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LINGUIST List 22.2804

Fri Jul 08 2011

Confs: Cog Sci, Psycholing, Ling History, Syntax, Philosophy of Lang/UK

Editor for this issue: Zac Smith <zaclinguistlist.org>

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        1.     Michelle Sheehan , The Past and Future of Universal Grammar

Message 1: The Past and Future of Universal Grammar
Date: 08-Jul-2011
From: Michelle Sheehan <m.l.sheehandurham.ac.uk>
Subject: The Past and Future of Universal Grammar
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The Past and Future of Universal Grammar

Date: 16-Dec-2011 - 18-Dec-2011
Location: University of Durham, United Kingdom
Contact: Wolfram Hinzen
Contact Email: < click here to access email >
Meeting URL: http://www.dur.ac.uk/conference.booking/details/?id=97

Linguistic Field(s): Cognitive Science; History of Linguistics; Philosophy of Language; Psycholinguistics; Syntax

Meeting Description:

Grammar is universal in human populations, pathologies aside. A theory of grammar should thus be a universal theory in this sense. Yet it is widely contended today that it need not be the theory of Universal Grammar (UG), in the sense of its early generative formulations, which have taken UG to be a linguistically specific and species-specific biological endowment consisting of functionally arbitrary formal rules. Theories of universal grammar have also been formulated in a number of different ways in the past, with far from identical underlying axiomatic assumptions. Furthermore, the modern theory of UG itself is currently undergoing a significant reformulation, following the development of Minimalism. This conference aims to provide a forum for assessing and (re-)directing the course that research on universal grammar and the biological foundations of language should take over the coming years and decades, bringing together linguists, psychologists, philosophers, and biologists.

The Past and Future of Universal Grammar

Thursday 15th December - arrival date and registration in Calman Learning
Centre, accommodation in Durham Business School.

Friday 16th December
Main conference in Calman Learning Centre, Science Site
Session 1: The past of UG
Wolfram Hinzen, University of Durham
Three traditions of Universal Grammar

Elisabeth Leiss, University of Munich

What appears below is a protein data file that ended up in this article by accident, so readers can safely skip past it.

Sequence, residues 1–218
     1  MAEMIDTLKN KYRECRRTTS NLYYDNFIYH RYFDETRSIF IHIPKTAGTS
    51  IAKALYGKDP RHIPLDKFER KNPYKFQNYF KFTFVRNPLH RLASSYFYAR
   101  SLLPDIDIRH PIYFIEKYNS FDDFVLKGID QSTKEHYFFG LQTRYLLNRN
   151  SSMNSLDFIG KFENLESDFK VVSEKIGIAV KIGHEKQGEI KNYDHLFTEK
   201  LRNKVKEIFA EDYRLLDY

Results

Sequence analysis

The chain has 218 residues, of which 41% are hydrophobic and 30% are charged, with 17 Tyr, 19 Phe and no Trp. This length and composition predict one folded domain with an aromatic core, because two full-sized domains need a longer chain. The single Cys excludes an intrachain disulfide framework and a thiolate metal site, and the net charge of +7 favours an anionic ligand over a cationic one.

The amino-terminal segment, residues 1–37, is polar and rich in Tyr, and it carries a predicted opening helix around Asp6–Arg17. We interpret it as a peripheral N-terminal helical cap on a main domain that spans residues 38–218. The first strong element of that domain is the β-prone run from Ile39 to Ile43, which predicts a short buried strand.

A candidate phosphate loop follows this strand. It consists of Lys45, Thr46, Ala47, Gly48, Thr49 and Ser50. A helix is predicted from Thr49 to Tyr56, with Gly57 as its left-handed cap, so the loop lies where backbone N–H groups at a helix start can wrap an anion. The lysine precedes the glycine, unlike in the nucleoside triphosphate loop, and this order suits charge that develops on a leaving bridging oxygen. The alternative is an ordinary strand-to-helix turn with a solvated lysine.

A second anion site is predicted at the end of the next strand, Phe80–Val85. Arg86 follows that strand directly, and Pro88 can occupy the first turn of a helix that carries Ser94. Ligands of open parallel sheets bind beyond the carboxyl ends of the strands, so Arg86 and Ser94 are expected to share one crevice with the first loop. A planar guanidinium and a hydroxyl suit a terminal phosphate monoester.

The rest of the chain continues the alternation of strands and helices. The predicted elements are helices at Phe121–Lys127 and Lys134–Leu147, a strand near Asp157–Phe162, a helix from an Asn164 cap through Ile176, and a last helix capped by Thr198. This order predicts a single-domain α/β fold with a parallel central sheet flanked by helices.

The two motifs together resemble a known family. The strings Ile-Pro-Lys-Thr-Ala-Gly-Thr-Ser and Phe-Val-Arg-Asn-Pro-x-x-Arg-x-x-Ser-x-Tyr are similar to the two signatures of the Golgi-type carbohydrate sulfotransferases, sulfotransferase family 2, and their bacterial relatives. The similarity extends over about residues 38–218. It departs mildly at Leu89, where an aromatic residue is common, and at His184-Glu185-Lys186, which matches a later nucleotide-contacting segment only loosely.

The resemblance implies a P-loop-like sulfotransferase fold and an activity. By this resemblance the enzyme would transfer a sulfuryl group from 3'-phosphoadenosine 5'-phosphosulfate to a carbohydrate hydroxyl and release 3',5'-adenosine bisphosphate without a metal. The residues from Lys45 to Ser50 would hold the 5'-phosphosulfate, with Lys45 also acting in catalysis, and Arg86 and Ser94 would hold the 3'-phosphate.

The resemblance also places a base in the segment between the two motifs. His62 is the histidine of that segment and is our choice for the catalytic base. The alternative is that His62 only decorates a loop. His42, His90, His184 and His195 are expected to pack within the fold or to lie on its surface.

Part-whole-relations in the Universal Grammar of the Modistae

Coffee break

Session 2: The future of UG
Guglielmo Cinque, University of Venice
In search of Universal Grammar: the hidden structure of natural language

Anders Holmberg, Newcastle University and Ian Roberts, University of Cambridge
Past and future approaches to linguistic variation

Lunch (in Calman building)

Session 3: No need for UG
Ewa Dabrowska, Northumbria University
What exactly is Universal Grammar, and who has seen it?

Nick Chater, Warwick Business School
Language is shaped by the brain; but not the reverse (abstract)

Coffee break

Session 4: The evolution of grammar
Maggie Tallerman, Newcastle University
Is the syntax rubicon more of a mirage? A defence of pre-syntactic protolanguage

Ian Tattersall, American Museum of Natural History
A context for the emergence of language (abstract)


Public Lecture in Union Society
Tom Roeper, University of Massachusetts
The image of mind in the grammar of children

Saturday 17th December
Main conference in Calman Learning Centre
Session 5: The Grammaticalisation of the brain

Tim Crow, University of Oxford
The origins of psychosis in the breakdown of deixis

Nathalie Tzourio-Mazoyer, University of Bordeaux
Neural basis of the hemispheric specialization for language

Coffee break

Gavin Clowry, Newcastle University
Human specific aspects of cerebral cortex development

Lunch (Calman building)
Session 6: Thinking without grammar

Wolfram Hinzen, University of Durham
The grammar of thought

Tom Roeper, University of Massachusetts

Coffee break

Rosemary Varley, Sheffield University
Reason without grammar (abstract)

Jill de Villiers, Smith College
Which concepts need the human language faculty? (abstract)


Conference Dinner

Sunday 18th December
UG: the minimum workshop in Union Society

Hagit Borer, University of Southern California T.B.C.

Halldor Sigurdsson, Lund University T.B.C.

Coffee break

Daniel Seely, Eastern Michigan University T.B.C.

Michelle Sheehan, University of Cambridge T.B.C.

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